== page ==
Overseers of cell death

2 Feb 2021

A new study shows that proteins called IAPs, which can trigger programmed cell death, are inhibited by a specific chemical modification, and reveals that they play a wider role in protein quality control than previously assumed.

Krebszellen ohne Acetylierung (links) und Kontrollzellen (rechts). Zellen, bei denen Zelltod eingetreten ist, erscheinen in grün

Cancer cells without N-terminal acetylation (left) and control cells (right). Green: Cells undergoing apoptosis.

Source: F. Mueller, T. Bange | © F. Müller, T. Bange

N-terminal acetylation – the attachment of an acetyl group (CH3-COO-) directly to the N-terminus of a protein – is one of the most common modifications found in the protein complements of higher organisms. The chemical tag has been linked to a wide variety of cellular signaling pathways. Now researchers led by Tanja Bange (Institute of Medical Psychology, LMU) have shown that N-terminal acetylation shields certain proteins from degradation, and inhibits programmed cell death (‘apoptosis’). In their unacetylated state, these same proteins can induce apoptosis by interacting with proteins called IAPs. While the acronym refers to the function of IAPs as inhibitors of apoptosis, the new study suggests that they actually have a more general role in protein quality control. The work demonstrates for the first time that two fundamental cellular processes – N-terminal protein acetylation and programmed cell death – are functionally linked. This finding could open up new approaches to cancer therapy. The paper appears in the journal Science Advances.

As their name implies, IAPs are known to participate in the regulation of programmed cell death. They inhibit the process by binding to particular target proteins, and it was previously shown that IAPs can only do so as long as the N-termini of these targets are not acetylated. “In our experiments, we observed that a protein which is not involved in the control of apoptosis also binds exclusively to IAPs in its non-acetylated form,” Bange explains. “This prompted us to explore the role of acetylation in the binding of proteins to IAPs in general.”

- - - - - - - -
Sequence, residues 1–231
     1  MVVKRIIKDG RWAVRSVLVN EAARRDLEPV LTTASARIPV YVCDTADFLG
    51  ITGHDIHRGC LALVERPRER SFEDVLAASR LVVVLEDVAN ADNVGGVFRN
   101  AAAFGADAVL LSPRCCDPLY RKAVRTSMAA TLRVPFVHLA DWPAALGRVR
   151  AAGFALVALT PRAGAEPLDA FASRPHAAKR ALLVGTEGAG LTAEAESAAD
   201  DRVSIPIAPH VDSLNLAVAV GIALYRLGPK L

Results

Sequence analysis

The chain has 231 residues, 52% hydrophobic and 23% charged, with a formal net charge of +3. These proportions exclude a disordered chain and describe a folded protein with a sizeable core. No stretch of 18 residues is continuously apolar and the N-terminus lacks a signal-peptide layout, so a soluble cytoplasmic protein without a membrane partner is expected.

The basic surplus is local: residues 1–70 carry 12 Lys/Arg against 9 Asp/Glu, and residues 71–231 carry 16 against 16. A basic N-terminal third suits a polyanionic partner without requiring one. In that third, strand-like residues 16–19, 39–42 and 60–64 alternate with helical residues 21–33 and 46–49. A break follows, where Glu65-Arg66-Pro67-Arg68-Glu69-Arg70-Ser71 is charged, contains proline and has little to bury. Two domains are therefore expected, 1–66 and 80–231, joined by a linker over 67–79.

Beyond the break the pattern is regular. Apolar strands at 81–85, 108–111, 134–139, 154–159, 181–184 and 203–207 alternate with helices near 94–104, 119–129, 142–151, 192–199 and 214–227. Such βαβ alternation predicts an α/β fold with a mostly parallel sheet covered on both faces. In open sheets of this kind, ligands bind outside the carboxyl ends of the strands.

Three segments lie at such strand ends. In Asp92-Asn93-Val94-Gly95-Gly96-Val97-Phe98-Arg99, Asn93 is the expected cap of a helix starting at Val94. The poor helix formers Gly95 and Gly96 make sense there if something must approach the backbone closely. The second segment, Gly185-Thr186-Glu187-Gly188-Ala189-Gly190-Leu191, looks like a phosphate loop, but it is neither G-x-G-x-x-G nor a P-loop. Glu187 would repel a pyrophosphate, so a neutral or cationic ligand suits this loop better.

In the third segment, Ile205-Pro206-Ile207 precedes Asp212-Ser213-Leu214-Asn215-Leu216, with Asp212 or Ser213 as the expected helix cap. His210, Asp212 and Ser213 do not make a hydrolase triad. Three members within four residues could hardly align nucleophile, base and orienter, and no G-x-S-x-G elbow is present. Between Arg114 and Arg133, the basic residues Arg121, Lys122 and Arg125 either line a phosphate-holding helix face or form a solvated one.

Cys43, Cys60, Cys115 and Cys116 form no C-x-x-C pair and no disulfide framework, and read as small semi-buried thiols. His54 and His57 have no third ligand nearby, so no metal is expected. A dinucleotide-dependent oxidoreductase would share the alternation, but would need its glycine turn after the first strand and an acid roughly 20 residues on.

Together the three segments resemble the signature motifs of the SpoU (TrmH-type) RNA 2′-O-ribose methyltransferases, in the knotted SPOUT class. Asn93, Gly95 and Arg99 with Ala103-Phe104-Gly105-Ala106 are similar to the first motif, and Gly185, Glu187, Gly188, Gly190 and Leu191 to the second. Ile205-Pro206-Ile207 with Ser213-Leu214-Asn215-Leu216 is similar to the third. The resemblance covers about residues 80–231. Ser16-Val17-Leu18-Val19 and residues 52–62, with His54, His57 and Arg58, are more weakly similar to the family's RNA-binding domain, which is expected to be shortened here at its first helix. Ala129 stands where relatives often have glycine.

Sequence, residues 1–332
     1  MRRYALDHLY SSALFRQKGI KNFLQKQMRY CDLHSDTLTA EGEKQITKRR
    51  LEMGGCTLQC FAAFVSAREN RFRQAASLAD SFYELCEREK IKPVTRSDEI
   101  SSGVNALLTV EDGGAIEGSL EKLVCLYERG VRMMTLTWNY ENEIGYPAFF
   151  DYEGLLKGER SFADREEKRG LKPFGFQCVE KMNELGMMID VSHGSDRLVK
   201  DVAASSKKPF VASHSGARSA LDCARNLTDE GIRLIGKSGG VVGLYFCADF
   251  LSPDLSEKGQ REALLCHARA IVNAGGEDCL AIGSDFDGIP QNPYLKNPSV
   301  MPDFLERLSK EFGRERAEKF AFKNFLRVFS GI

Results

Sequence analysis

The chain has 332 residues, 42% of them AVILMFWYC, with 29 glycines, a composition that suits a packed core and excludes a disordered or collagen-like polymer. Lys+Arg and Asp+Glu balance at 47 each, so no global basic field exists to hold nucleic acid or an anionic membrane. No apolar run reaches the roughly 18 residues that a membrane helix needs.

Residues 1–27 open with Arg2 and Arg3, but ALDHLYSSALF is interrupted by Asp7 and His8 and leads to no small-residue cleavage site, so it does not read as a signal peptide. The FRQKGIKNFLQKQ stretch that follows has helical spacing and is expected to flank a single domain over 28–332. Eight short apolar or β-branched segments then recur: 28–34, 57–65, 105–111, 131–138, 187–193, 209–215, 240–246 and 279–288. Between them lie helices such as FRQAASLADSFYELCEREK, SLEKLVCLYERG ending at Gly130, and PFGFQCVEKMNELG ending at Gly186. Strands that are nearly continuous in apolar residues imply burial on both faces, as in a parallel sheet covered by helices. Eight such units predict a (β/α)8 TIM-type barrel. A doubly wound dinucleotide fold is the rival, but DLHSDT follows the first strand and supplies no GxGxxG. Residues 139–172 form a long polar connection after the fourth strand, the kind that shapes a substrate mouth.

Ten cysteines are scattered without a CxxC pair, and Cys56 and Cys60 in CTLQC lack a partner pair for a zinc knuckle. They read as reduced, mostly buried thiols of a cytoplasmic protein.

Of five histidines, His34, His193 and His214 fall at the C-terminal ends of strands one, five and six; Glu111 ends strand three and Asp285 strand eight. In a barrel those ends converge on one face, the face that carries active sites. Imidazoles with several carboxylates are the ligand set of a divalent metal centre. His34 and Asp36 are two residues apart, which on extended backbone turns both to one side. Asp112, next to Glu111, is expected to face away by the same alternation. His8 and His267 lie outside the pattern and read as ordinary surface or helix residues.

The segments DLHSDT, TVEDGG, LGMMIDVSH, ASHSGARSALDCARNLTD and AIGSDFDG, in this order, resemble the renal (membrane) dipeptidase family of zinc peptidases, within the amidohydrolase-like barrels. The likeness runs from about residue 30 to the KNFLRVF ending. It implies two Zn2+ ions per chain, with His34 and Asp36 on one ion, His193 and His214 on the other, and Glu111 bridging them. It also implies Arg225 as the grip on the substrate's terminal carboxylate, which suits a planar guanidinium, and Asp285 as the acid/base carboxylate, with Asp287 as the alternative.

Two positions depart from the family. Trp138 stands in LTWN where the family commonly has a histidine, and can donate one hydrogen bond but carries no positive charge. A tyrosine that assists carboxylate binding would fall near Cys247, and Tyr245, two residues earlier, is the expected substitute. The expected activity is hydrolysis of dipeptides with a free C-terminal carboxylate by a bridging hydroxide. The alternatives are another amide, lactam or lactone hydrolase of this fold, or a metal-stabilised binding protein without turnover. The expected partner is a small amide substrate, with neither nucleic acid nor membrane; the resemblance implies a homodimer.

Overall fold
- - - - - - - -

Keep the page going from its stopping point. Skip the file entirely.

In experiments on cultured cells, Bange and her colleagues were able to show that, as a general rule, IAPs indeed bind to proteins whose N-termini are unacetylated. It is also known that IAPs are able to induce their own destruction as well as the degradation of their binding partners. The authors therefore assume that IAPs have a hitherto unrecognized and general function in the quality control of newly synthesized proteins. “N-terminal acetylation protects proteins from degradation,” says Bange. “If its N-terminus is not ‘capped’ in this way, a protein is recognized as defective by IAPs and destroyed. Conversely, if proteins that lack the modification accumulate in sufficient numbers, apoptosis is triggered.”

These results could have therapeutic implications for the treatment of cancer. In many types of cancer, the signaling relays that trigger apoptosis are defective owing to mutation. This closes off one possible treatment option. According to the authors, inhibiting N-terminal acetylation pathways might provide a means of activating IAP function and sensitizing tumor cells to apoptosis.
Science Advances 2021

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